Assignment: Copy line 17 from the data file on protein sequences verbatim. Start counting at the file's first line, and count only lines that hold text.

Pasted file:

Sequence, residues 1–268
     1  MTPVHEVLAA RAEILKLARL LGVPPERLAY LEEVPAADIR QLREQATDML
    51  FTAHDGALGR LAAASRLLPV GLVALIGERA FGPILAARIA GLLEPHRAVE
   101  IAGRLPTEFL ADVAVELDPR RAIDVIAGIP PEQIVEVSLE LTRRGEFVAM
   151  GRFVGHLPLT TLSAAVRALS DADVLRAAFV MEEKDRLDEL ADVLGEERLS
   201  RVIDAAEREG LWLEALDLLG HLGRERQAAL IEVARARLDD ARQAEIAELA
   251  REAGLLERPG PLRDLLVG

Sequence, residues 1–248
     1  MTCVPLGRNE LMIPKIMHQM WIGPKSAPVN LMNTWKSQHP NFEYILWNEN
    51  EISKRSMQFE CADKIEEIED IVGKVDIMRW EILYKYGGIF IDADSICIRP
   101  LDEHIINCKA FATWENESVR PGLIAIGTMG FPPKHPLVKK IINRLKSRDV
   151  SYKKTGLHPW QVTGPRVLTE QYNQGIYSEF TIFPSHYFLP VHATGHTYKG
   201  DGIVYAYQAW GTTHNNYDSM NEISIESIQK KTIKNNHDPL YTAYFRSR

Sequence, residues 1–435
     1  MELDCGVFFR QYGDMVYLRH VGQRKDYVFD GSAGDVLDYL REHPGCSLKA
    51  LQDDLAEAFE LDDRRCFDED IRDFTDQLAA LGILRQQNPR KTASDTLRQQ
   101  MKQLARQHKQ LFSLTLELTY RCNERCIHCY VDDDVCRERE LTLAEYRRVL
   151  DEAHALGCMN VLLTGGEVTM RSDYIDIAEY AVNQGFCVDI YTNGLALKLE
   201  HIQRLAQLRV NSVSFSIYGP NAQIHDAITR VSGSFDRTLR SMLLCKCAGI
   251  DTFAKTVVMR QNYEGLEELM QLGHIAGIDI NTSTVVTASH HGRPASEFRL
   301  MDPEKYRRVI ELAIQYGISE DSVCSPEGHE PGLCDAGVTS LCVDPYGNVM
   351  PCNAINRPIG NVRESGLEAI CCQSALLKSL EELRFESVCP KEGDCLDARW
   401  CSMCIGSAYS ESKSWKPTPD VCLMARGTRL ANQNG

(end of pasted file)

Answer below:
   101  MKQLARQHKQ LFSLTLELTY RCNERCIHCY VDDDVCRERE LTLAEYRRVL